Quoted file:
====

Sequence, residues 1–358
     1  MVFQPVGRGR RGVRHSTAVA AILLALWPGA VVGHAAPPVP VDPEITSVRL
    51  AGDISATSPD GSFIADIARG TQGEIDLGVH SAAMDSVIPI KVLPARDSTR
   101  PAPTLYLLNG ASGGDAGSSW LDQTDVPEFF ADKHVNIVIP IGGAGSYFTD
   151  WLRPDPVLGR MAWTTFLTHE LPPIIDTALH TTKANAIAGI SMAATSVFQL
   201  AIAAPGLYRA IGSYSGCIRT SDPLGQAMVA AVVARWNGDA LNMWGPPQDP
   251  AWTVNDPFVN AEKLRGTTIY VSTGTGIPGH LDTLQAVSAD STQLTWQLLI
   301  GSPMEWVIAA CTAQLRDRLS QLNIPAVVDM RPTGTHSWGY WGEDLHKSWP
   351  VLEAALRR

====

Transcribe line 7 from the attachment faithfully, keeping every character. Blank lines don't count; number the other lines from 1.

   251  AWTVNDPFVN AEKLRGTTIY VSTGTGIPGH LDTLQAVSAD STQLTWQLLI